India's constitutional stability

The political forces in the opposition have added a new shot in their anti-Modi narrative -- contending that the regime was flouting constitutional norms of governance. The Indian Constitution is all about defining democracy, secularism, welfare function of the state, Centre's primary responsibility for the security of the nation in keeping with India's identity as a union of states

The political forces in the opposition have added a new shot in their anti-Modi narrative -- contending that the regime was flouting constitutional norms of governance. The Indian Constitution is all about defining democracy, secularism, welfare function of the state, Centre's primary responsibility for the security of the nation in keeping with India's identity as a union of states and judicial review of legislative and executive decisions by the Supreme Court to keep the power of the elected in check. The rhetoric of the opposition against the alleged flouting of constitutional norms by the Modi government is more of a war of words -- a closer look at each of the above-mentioned paradigms puts the latter in the clean.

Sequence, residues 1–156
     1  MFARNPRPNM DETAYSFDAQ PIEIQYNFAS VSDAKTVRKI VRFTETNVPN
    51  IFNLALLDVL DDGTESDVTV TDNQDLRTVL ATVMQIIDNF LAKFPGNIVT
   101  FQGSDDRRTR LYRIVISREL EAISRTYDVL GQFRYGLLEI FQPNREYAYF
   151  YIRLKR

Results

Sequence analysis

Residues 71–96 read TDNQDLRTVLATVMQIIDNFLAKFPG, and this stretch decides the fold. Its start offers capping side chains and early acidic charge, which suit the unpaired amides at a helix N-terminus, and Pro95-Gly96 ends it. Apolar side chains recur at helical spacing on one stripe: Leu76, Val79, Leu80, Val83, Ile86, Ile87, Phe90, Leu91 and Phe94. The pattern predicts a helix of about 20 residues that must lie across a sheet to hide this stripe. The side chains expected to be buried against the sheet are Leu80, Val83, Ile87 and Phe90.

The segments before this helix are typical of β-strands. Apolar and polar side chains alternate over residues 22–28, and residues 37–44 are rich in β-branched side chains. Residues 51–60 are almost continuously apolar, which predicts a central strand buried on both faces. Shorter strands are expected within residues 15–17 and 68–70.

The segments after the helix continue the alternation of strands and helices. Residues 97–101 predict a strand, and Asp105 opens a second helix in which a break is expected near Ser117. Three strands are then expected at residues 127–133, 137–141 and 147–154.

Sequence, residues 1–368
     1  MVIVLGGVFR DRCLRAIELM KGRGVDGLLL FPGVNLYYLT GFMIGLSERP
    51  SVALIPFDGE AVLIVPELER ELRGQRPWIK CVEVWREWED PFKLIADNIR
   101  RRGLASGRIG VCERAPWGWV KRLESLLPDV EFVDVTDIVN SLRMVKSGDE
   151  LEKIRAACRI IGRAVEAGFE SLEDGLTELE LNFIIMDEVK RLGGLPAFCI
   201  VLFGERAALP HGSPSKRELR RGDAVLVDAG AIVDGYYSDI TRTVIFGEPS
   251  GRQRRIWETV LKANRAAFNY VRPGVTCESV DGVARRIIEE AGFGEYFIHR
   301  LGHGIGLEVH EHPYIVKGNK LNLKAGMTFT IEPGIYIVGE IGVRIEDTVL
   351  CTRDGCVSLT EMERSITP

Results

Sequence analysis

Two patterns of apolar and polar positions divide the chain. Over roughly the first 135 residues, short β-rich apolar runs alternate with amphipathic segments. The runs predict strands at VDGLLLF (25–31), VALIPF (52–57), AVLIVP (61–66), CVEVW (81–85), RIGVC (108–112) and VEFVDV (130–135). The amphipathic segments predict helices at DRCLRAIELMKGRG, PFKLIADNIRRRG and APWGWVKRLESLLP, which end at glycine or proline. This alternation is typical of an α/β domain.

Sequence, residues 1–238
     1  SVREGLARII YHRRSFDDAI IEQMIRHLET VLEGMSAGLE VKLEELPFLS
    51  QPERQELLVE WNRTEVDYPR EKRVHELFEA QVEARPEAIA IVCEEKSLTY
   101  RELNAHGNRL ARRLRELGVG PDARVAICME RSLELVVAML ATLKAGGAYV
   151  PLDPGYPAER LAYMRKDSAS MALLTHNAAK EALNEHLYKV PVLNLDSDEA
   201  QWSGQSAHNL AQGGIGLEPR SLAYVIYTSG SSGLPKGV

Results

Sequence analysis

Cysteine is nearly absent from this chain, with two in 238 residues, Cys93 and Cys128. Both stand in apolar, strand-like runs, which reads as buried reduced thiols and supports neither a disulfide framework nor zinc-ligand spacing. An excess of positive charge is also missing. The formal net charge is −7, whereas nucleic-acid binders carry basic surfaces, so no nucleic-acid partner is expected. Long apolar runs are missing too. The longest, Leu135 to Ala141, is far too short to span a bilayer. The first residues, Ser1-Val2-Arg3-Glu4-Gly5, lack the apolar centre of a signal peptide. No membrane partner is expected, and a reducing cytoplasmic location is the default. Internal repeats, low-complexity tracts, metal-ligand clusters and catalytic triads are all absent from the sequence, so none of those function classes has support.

So far as the amendments to the Constitution go, should it be said that it is the Congress that in its heydays in power evidently found fault with the Preamble of the Constitution of India -- so famously adopted in 1950 -- for not clearly defining India as a secular state and thus negated the meticulous effort of the Constitution-makers to get the secular thought embedded in the very foundation of the original document? India was to be governed through a transparent electoral process of 'one man one vote' regardless of creed,caste and gender, a provision of equal opportunities for development and same protection of law for all and a clear mandate that the political executive will not have a denominational stamp. This basic framework of secular governance has remained unchanged so far.